Since January 2014, when Gov. Brown declared a drought emergency, Californians have met the challenge. They’ve replaced tens of millions of square feet of turf with drought-tolerant landscaping (coaxed by hundreds of millions of dollars in utility rebates) and installed water-thrifty indoor fixtures. The results are remarkable: Statewide average residential consumption of 61 gallons a day in January was nearly 15% below the same month a year earlier. Last summer’s usage was more than 23% lower than a year earlier.
Indications abound that the regional drought is far from over. The water level of Lake Mead, the reservoir behind Hoover Dam that stores Southern California’s Colorado River supply, stood last week at 1,081.32 feet above sea level — a recovery of about 6 feet since it reached a recent low point in June. But that’s still the lake’s lowest level in any March since 1937, when it was still filling for the first time. Mead is currently at about 39% of capacity.
Although three major Northern California reservoirs — Shasta, Lake Oroville and Folsom Lake — are currently above their average historical levels, they’re the exceptions, according to the Department of Water Resources.
Reservoirs in Central and Southern California remain well below their averages, with Don Pedro Reservoir in the Sierra foothills at 82% of its average and 60% of capacity, and Perris Lake in Riverside County at 43% of its average and 36% of capacity. While the snowpack is calculated at 87% of normal overall, its depth varies widely across the state — rising over recent months to roughly 100% of the average in the far north of the state, but reaching only about 75% of the average toward the south. The U.S. Drought Monitor still shows much of Southern and Central California to be facing long-term “exceptional drought.”
The problem with giving some parts of the state a pass on water rules while maintaining them elsewhere is that California’s water supply system binds north and south together. The long-term water crisis can only be solved as a statewide effort.
The state has begun to make changes that may well be lasting. “There will be a different-looking outdoor space 10 or 20 years from now than there was 10 or 20 years ago,” Hanak says. But the mind-set producing those changes could be fragile. The message needs to be that “the fact that we’re easing up doesn’t mean we’re out of drought mode.”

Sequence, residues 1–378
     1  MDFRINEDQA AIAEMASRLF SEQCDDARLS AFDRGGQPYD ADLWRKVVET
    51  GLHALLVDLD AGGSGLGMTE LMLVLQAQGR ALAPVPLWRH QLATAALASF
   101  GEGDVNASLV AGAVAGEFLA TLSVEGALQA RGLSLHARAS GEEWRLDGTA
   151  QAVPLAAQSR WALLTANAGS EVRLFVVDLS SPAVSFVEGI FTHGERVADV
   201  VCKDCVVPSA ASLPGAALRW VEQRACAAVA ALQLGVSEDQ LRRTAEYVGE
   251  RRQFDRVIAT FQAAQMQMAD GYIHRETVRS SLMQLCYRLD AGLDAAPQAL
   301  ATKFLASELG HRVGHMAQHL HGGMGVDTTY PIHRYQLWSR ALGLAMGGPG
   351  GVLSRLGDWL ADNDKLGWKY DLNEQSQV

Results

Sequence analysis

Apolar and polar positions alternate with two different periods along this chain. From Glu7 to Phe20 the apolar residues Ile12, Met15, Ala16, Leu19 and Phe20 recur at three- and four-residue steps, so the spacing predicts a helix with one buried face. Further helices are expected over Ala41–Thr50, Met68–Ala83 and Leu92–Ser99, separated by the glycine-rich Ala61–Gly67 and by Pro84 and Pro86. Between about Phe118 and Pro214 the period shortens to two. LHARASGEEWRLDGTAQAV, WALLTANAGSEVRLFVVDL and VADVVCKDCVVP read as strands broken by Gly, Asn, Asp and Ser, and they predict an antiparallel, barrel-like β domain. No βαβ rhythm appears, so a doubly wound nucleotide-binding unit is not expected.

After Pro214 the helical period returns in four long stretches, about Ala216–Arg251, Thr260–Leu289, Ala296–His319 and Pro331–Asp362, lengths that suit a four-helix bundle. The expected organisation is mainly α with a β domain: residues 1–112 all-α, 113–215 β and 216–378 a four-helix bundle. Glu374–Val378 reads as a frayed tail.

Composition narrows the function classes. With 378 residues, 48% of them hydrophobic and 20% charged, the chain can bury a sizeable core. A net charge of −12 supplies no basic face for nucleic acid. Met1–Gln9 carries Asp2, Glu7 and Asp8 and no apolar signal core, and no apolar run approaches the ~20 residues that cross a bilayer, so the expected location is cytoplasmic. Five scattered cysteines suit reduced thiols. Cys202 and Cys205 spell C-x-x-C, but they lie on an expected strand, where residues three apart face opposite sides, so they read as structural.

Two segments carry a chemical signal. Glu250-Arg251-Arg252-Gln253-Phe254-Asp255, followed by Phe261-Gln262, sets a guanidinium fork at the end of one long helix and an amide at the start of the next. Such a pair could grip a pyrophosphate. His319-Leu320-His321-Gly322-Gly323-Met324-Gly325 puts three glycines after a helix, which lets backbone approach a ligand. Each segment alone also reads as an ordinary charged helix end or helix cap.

Keep up to date with Michael Hiltzik. Follow @hiltzikm on Twitter, see his Facebook page, or email firstname.lastname@example.org.
Cesar Chavez Day should be a day, not a week
Few deserve a state holiday more than Cesar Chavez, a man who spent his life fighting for the rights of migrant workers, demanding for them the same respect and rights as everyone else working in America.
But given all the families juggling child care and work last week, not to mention the annual confusion over which day is the actual day off, exactly, we suspect even he would quibble with the way California has implemented the holiday that bears his name.
Cesar Chavez Day is supposed to fall on March 31, the late labor leader’s birthday. But in the 16 years since former Gov. Gray Davis signed the holiday into existence, it has become more like Cesar Chavez Week.
Government agencies observe it by closing their doors on seemingly random days, causing headaches for families trying to schedule their lives around it. That’s no way to run a holiday.
Take the city of Sacramento. This year, for whatever reason, it observed Cesar Chavez Day on March 28. That was last Monday. The official holiday was Thursday. Government offices were closed, as were city-run, after-school programs, such as 4th R and START.
However, Sacramento City Unified School District didn’t get March 28 off for Cesar Chavez Day. That meant hundreds of parents, many with jobs at agencies that observed the holiday later, had to pick up kids from school early and scramble for day care.
Many school districts in California don’t observe Cesar Chavez with a day off anymore. But some do – sort of. San Francisco Unified School District had off Friday, April 1.
Sacramento County’s offices were closed March 31, while El Dorado and Placer counties and most offices in Yolo County remained open. The courts in most counties, including Sacramento, were closed that day. So were state government offices. The Legislature was hard at work, though, and was off on Friday instead.
And what of the farmworkers? The migrants Chavez worked so hard to organize into what became the United Farm Workers union, with the power to demand better wages and working conditions? They didn’t get a single day off last week.
Surely, California can do better. Even in this large and diverse state, there must be room for agreement on a single day to close government offices to honor Chavez’s worthy cause. As working families plead for consistency next year, there should be only one answer.
Sí, se puede.